ATLANTA—Around 2002, when Vincent Del Gaizo’s son was just 15 months old, he was hospitalized in an intensive care unit and, weeks later, was diagnosed with systemic juvenile idiopathic arthritis (JIA).
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Explore This IssueJanuary 2020
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“We had the same 8 trillion questions that all parents have when their child is diagnosed with a condition you’ve never heard of: ‘Is he going to get better? What do these medications do? How are we going to treat this? What is his prognosis?’ All of the answers to our questions were, ‘We’re not sure. I don’t know.’” said Mr. Del Gaizo, who was then the owner of a dry cleaning business in New Jersey. “I felt we were just starting on a long journey to get to where we needed to be, to have knowledge to help us make the right decisions.”
Mr. Del Gaizo’s son was diagnosed with JIA by Yukiko Kimura, MD, a pediatric rheumatologist at Hackensack University Medical Center in New Jersey, who told him that “as researchers and clinicians, we have the same questions you do. We don’t know the answers, and the best ways to find them is to do it collaboratively.” She told him about a new organization, the Childhood Arthritis and Rheumatology Research Alliance (CARRA), which was formed to facilitate investigator-led pediatric rheumatology research studies to gather evidence and create a patient registry that would guide treatment decisions for pediatric patients.
The organization now includes families and patients in research as full partners, said Mr. Del Gaizo, who eventually left his business to work full-time for CARRA as director of strategic partnerships and patient engagement. He and Esi M. Morgan, MD, MSCE, a pediatric rheumatologist and researcher at Cincinnati Children’s Hospital, shared some of the barriers clinicians must overcome when recruiting families of children with juvenile rheumatic diseases into research studies at a session on Nov. 12 at the 2019 ACR/ARP Annual Meeting.
Full, Not Token, Research Partners
Pediatric rheumatologists need more involvement from patients and their families to increase the relevance and feasibility of their research studies, Mr. Del Gaizo said. Many barriers to enrolling pediatric patients in clinical trials—or any medical research—exist: According to a 2018 survey of 136 providers of pediatric healthcare conducted by the American Academy of Pediatrics, these barriers include lack of awareness, trial risks, and time and travel distance to participate in trials. The survey also found that parental concerns were greater obstacles to participation than ethical or regulatory barriers.1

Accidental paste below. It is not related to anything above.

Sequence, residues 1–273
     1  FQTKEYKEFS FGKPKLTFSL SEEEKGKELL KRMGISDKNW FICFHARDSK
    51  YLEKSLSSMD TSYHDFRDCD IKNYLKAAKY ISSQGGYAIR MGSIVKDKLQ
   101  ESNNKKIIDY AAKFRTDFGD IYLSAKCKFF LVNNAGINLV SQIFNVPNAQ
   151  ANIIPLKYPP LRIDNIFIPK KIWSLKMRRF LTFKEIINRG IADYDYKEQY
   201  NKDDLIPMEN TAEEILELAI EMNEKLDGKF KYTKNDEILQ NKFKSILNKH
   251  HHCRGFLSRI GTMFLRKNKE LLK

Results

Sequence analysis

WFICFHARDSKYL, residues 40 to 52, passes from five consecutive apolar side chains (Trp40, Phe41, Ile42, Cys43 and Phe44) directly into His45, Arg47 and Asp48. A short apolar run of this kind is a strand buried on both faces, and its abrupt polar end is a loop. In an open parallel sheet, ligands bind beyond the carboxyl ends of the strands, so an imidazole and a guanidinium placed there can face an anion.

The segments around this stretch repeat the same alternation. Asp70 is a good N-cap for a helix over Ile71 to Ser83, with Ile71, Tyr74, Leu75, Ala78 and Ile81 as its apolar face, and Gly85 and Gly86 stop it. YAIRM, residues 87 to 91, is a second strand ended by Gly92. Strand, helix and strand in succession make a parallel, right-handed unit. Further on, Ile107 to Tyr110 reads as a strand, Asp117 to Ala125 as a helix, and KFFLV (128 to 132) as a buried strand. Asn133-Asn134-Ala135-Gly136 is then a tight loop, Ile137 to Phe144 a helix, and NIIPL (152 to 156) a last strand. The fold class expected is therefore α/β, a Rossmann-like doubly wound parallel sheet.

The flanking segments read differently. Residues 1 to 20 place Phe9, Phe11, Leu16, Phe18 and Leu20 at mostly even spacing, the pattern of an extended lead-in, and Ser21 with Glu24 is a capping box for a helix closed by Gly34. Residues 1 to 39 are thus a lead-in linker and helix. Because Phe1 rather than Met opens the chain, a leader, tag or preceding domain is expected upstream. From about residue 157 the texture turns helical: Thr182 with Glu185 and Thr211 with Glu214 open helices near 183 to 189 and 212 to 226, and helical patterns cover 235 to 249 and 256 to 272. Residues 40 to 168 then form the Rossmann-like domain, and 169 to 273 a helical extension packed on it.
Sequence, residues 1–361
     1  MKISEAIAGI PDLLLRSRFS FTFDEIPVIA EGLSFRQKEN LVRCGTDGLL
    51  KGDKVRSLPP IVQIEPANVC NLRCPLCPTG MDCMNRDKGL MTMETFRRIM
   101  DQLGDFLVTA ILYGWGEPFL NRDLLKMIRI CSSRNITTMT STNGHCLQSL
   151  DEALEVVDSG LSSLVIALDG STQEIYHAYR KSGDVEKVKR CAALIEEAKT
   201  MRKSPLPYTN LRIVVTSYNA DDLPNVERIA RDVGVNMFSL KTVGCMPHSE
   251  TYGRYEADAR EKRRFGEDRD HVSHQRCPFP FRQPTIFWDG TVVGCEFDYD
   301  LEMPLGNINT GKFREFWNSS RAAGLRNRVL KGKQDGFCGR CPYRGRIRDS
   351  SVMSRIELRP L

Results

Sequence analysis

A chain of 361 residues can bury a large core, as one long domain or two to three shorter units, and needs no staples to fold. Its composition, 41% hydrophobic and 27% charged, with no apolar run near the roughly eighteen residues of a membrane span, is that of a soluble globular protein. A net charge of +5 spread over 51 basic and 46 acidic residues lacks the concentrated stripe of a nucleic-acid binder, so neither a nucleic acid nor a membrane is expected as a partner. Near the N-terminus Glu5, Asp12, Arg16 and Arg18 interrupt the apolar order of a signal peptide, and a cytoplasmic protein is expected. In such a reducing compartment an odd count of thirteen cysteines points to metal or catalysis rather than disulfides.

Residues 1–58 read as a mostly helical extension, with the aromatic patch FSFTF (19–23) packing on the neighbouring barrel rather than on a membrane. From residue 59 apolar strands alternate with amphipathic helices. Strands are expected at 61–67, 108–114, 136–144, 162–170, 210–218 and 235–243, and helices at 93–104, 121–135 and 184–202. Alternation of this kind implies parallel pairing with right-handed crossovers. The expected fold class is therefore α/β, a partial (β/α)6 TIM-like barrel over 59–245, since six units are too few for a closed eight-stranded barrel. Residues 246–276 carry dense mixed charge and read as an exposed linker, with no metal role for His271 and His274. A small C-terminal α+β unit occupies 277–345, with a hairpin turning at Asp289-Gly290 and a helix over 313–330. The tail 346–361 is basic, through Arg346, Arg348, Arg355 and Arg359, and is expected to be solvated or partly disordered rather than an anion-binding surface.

Mr. Del Gaizo noticed many of these barriers as he became involved in pediatric rheumatology research more than 15 years ago. Through such organizations as CARRA, the Patient-Centered Outcomes Research Institute (PCORI), the Pediatric Rheumatology Care and Outcomes Improvement Network (PR-COIN) and the Partners Patient-Powered Research Network (PPRN), more parents and children are being recruited to partner in research studies, including the Start Time Optimization of Biologic Therapy in Polyarticular JIA (STOP-JIA) trial, which has enrolled 401 patients at 53 sites in the U.S. and Canada, he said. The trial examines when to start JIA patients on biologic therapy.2 Parents and patients are part of the study team, selected the trial’s patient-reported outcomes measures and created the recruitment tools.
In Limit-JIA, a current PCORI-funded trial of abatacept in children with JIA limited to four joints or fewer to determine if the drug can prevent uveitis and/or disease extension to more than four joints, three parents are part of the study team. They helped develop and conduct focus groups with other families to assess the relevance of the study’s aims and outcomes, and assisted researchers with protocol development.
How can researchers engage more families in pediatric rheumatology studies? Mr. Del Gaizo suggested these steps: